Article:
After Joshua dies, the book of Judges takes up the narrative of the nation of Israel now in the promised land. We see a sad cycle stated in Judges 2:11-19 [shown in the figure below] and repeated throughout the book. The people fall away and embrace the idolatry and the practices of the surrounding people-groups; God brings them into servitude to those peoples; the people cry out for forgiveness and deliverance; God raises up a “judge” (more like a military leader) to deliver the people; the people do well as long as the particular judge is alive and leading the tribes in the ways of the Lord; and finally, the judge dies and people relapse into compromise and idolatry again. [Repeat…] Note that even the judges themselves have moral flaws. The judges are raised up by God and then in time die without establishing any kingly lineage.
The summary at the end of Judges is this… “In those days there was no king in Israel. Everyone did what was right in his own eyes.” (Judges 21:25 ESV) […which sounds a little like today!]
God’s goal in raising up leaders was never, in the first place, to lead the people into prosperity, to provide them with what they want, to get along with other nations, to be popular, etc. It was always about leading the people of God into his ways of righteousness.
The following book, Ruth, provides us with a beautiful story of Ruth and Boaz, two people who truly embrace their covenant relationship with God in the midst of a dark age, and who seek to do what is good, right, and just. They demonstrate kindness (hesed in 2:20; 3:10) and faithfulness to God’s covenant. It is from this that love and beauty, childbirth and prosperity, redemption, peace and joy all flow into their lives and community. Boaz says to Ruth,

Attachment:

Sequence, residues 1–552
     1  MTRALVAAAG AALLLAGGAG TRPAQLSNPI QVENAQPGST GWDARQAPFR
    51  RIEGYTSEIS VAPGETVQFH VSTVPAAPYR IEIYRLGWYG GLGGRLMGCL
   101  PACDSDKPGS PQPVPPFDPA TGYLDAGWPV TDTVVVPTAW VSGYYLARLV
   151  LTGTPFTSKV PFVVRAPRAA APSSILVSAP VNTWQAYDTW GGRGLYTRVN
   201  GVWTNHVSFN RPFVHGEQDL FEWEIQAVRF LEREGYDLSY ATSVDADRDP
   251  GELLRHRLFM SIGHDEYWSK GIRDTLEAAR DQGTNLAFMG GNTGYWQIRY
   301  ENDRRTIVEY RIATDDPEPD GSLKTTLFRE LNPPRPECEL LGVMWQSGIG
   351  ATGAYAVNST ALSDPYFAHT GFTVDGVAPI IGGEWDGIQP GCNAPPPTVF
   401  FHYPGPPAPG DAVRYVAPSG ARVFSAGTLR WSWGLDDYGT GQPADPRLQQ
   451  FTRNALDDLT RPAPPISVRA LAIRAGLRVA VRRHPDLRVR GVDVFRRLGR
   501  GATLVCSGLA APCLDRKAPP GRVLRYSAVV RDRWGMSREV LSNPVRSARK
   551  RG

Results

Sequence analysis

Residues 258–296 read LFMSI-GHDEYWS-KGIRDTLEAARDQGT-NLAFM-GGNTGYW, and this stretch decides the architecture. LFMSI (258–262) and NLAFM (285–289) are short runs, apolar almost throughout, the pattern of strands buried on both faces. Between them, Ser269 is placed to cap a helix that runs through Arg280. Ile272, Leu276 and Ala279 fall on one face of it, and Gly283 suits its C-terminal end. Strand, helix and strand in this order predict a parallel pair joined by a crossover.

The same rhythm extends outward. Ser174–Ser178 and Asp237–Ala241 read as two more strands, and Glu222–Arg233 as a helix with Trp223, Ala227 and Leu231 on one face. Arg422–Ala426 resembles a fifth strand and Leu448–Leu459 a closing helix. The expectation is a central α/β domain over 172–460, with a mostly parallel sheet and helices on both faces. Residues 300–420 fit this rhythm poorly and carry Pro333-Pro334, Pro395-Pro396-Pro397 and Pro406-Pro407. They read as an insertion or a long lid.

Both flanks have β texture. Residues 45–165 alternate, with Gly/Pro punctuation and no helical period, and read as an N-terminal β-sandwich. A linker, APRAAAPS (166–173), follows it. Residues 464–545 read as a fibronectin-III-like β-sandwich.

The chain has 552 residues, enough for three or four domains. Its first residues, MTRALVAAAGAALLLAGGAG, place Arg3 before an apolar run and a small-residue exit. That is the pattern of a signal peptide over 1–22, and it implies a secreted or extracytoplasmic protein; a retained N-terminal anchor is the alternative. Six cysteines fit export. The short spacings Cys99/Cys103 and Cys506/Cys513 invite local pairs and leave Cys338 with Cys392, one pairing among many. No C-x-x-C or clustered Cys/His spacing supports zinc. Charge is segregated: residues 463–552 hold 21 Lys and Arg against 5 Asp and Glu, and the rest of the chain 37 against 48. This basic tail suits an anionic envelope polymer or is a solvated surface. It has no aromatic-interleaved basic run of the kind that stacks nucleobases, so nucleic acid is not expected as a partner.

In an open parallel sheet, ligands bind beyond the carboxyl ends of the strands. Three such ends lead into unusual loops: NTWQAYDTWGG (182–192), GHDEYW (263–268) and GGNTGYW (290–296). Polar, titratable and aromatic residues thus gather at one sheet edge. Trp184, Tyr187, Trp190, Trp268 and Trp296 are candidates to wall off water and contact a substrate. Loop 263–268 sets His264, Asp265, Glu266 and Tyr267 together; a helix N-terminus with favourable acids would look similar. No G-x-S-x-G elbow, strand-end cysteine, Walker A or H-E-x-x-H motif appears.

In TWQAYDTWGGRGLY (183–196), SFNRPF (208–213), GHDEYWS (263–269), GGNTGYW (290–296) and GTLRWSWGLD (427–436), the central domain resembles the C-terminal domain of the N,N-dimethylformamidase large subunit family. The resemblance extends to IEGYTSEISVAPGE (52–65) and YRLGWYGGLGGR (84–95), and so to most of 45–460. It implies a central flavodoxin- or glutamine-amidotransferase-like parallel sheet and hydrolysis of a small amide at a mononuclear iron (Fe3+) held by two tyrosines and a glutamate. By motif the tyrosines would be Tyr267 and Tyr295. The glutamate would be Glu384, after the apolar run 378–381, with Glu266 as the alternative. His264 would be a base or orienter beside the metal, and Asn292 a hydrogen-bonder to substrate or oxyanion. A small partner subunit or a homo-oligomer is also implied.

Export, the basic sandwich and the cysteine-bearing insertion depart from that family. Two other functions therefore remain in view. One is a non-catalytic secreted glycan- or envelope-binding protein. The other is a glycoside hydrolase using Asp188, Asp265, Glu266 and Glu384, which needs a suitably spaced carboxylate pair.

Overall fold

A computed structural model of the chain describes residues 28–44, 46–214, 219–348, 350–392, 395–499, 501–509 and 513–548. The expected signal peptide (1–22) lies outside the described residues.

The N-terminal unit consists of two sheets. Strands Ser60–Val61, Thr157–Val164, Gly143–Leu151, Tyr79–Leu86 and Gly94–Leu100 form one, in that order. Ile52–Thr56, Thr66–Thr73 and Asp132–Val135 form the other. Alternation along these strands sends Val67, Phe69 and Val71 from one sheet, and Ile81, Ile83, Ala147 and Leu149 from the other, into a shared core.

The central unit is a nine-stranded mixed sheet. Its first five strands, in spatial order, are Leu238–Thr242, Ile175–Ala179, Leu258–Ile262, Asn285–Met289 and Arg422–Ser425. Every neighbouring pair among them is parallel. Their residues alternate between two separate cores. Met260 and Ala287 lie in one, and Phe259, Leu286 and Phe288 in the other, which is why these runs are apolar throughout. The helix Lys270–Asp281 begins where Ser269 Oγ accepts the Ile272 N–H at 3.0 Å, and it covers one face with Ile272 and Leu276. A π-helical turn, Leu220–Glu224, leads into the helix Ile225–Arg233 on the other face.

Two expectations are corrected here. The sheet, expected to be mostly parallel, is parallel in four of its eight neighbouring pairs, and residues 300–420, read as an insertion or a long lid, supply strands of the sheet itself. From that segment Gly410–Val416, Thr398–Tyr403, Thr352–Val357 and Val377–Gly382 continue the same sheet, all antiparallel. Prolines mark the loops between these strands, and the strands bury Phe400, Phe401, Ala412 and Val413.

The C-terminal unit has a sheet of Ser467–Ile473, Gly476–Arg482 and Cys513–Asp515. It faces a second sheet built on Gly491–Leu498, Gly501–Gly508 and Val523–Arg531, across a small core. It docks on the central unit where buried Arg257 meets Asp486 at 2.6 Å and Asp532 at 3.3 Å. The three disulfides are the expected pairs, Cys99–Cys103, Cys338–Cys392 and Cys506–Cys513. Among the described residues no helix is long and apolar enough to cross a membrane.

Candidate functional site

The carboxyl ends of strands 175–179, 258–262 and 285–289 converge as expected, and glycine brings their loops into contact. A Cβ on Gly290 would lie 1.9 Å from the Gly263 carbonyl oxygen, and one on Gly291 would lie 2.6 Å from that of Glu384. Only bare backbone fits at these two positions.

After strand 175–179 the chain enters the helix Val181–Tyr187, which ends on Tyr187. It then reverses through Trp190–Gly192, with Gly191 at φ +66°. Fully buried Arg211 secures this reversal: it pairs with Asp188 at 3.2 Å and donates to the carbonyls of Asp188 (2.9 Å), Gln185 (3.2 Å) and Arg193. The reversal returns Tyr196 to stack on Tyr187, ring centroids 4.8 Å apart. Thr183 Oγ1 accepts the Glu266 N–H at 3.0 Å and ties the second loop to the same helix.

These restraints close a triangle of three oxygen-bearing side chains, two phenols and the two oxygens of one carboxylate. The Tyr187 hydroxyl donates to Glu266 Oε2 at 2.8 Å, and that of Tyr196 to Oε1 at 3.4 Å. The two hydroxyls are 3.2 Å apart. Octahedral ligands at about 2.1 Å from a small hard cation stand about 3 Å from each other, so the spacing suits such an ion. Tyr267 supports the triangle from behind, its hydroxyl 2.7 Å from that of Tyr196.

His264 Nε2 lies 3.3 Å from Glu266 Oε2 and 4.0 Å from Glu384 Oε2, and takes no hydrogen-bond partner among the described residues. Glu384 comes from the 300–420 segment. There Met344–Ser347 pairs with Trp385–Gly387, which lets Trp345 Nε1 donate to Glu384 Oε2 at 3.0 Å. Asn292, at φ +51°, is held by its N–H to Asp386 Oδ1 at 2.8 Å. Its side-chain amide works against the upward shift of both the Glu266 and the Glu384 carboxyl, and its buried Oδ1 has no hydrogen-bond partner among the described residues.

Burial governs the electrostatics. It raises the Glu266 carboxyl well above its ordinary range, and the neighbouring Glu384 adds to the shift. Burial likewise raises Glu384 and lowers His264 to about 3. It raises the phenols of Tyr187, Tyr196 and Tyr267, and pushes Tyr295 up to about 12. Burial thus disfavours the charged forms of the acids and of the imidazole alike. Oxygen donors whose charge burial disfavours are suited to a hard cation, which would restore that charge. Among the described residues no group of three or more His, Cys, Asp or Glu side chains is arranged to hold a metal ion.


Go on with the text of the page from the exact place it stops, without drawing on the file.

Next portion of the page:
“The LORD repay you for what you have done, and a full reward be given you by the LORD, the God of Israel, under whose wings you have come to take refuge!” (2:12)
And in wonderful Hebrew fashion this short book ends with a genealogy — remember, this is history, and this is the lineage of the Messiah: “Now these are the generations of Perez: Perez fathered Hezron, Hezron fathered Ram, Ram fathered Amminadab, Amminadab fathered Nahshon, Nahshon fathered Salmon, Salmon fathered Boaz, Boaz fathered Obed, Obed fathered Jesse, and Jesse fathered David.” (Ruth 4:18-22 ESV)
David, as in David the King, as in the ancestor of Jesus Christ who is called the Son of David… this is the great-grandson of Ruth and Boaz.
In 1 Samuel we will meet the last Judge, and the first of the prophets, Samuel, who installs the first King of a united Israel, namely, Saul. King Saul is a tragic figure, who happens to be more concerned about popularity than righteousness. This will lead to God’s call upon David, “a man after God’s own heart” (1 Sam 13:14). And David, though flawed, will be a high point in Israel’s history, because he really seeks to rule God’s people in righteousness.